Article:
Friday, June 17, 2005

Gardening Mindfully

I've only read one chapter so far of Sara Stein's book "Noah's Garden", but already I love it. I've always had an amnesty policy in most of my gardens, whereby traditional garden perennials co-exist with regional wildflowers. I mean, after all, they're already happily growing there, and its the old wildflowers that so many of today's timid modern hybrids come from. Any plant who's willing to grow in a particular area, and offer some blooms to make me smile, is most welcome.

Ms. Stein speaks of native Americans traditions of burning a clearing in a wooded area, for use as a planting area. But after the planting season, that area would be left fallow, where the process of forest succession would begin, thereby transforming the clearing into a hunting ground, as the succeeding habit welcomed all kinds of wildlife.

It sort of reminds me of this large field on the edge of the woods where I'm building my garden. There was a garden there once long ago, and some of the focal points of my "new" garden are the roses, foxglove, irises and peonies...and so many other things, that have survived from that garden, despite the years of succession in between. Of course, my efforts are resulting mostly in something pretty, although interspersed with the flowers I'm including an assortment of herbs and vegetables.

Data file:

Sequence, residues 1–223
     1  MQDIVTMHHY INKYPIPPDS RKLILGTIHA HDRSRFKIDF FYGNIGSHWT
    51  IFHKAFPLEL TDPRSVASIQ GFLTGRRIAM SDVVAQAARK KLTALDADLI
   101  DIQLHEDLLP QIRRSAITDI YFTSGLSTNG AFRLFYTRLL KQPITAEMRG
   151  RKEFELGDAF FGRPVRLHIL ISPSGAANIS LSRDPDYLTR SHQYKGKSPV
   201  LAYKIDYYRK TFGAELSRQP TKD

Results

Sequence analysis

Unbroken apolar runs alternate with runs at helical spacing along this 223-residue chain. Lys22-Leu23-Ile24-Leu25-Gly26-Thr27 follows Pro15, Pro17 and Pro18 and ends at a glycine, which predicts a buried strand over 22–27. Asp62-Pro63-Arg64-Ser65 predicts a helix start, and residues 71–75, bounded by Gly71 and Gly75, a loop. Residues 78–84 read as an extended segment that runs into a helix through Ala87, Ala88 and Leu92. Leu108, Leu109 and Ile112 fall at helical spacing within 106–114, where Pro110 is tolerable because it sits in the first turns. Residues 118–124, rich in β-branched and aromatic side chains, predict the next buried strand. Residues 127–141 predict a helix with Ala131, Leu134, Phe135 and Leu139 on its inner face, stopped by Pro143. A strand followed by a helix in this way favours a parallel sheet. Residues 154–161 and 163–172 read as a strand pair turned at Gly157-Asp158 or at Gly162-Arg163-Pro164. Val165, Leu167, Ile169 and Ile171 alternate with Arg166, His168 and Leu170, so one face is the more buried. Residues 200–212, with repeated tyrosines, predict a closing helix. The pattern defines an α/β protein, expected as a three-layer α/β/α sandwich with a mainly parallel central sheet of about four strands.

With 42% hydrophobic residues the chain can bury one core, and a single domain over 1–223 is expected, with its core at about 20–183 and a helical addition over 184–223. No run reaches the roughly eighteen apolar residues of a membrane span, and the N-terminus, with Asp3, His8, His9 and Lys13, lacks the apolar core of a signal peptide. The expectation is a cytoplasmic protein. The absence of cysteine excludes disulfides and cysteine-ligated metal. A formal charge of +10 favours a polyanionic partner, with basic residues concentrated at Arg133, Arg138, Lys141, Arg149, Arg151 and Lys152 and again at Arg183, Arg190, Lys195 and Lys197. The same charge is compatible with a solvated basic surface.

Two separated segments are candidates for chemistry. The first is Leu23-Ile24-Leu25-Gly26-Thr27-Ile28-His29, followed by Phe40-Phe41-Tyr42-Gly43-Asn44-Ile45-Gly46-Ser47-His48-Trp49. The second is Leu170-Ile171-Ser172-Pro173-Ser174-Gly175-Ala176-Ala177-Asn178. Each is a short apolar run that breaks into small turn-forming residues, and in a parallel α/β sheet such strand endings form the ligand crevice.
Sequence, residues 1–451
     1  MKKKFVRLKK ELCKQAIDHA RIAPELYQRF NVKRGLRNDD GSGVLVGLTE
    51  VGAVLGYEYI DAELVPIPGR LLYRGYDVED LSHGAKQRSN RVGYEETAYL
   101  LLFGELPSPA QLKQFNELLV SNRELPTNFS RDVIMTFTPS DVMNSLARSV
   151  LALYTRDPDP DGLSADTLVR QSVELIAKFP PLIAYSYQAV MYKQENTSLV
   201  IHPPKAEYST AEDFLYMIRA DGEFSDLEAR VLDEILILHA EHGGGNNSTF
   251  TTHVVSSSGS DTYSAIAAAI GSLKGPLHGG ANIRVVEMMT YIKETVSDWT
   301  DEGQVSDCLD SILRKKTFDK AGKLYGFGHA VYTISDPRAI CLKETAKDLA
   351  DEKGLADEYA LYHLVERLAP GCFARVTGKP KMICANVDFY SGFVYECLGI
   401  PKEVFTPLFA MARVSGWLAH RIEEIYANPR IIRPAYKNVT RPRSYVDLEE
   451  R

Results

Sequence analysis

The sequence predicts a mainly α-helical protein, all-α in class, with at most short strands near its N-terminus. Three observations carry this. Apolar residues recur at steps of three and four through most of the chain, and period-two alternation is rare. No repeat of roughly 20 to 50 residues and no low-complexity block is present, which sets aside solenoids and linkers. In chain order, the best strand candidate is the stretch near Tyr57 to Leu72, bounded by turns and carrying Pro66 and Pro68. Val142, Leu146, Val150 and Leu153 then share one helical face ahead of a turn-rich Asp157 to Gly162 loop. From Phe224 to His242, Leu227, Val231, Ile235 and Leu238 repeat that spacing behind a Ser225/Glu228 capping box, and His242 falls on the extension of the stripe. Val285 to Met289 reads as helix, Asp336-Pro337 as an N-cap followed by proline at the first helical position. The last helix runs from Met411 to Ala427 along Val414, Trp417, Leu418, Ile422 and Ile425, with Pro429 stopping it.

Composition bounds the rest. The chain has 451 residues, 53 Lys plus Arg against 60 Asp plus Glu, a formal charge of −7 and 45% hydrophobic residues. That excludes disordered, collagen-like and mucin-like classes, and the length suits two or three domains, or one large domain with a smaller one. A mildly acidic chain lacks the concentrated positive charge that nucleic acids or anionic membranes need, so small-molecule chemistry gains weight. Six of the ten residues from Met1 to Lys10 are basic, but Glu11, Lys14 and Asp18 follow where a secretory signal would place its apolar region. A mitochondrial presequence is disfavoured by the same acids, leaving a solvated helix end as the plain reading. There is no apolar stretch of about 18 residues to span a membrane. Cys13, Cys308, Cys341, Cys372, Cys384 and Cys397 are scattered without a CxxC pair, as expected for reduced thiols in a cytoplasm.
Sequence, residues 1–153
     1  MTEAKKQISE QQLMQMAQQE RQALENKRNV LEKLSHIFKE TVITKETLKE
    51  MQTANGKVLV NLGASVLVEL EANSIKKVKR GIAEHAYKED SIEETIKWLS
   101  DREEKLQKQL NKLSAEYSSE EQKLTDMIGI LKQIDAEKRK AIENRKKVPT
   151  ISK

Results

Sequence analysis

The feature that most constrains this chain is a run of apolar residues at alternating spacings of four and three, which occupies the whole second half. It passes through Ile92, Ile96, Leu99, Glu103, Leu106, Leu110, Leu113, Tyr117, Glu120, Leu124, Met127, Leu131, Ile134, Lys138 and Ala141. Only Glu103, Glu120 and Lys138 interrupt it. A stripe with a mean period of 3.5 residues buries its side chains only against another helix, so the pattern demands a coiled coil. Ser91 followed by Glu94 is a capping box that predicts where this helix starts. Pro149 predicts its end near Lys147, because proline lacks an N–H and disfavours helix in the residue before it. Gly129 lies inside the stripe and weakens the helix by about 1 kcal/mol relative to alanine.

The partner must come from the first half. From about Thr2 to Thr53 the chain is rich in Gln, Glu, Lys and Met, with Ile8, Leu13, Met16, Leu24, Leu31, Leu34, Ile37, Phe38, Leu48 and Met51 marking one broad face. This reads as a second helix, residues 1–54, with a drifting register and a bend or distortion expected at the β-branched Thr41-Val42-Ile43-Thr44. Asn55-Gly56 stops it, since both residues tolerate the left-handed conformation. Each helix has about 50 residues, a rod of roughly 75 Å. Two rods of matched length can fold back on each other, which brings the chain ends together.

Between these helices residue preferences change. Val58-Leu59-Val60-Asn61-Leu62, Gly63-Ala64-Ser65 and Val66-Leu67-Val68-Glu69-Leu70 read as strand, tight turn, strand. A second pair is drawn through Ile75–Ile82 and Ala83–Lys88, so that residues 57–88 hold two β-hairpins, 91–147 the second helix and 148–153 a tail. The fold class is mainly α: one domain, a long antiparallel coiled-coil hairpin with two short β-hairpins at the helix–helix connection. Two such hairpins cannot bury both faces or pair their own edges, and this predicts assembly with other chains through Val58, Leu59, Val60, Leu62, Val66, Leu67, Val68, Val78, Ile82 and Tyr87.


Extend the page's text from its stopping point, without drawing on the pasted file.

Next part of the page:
Toward that end, this morning, I dug out a nice large area which I'll clean up and plant as the weekend goes on, with a traditional Three Sisters garden: corn, pole beans and squash. Working together, these three plants support one another with the tiny ecosystem they create. The squash (and pumpkins) shade the soil below, inhibiting weed growth, the corn provides support for the beans to grow, and the beans fix nitrogen in the soil for the other two. It's a tidy little arrangement that I've always admired...and it's kind of exciting to realize I finally have the right location (plenty of sun) for it to work.

Hopefully, it's presence will help remind me to do all I can to co-exist, not master, the beautiful natural environment that provides the backdrop for my efforts. Maybe along the way I can find the native plants the red beetles prefer to my lilies, and I can cancel the carnage.

Now all I have to do is face the fashion issues involved in what scarecrows are wearing in these modern times.

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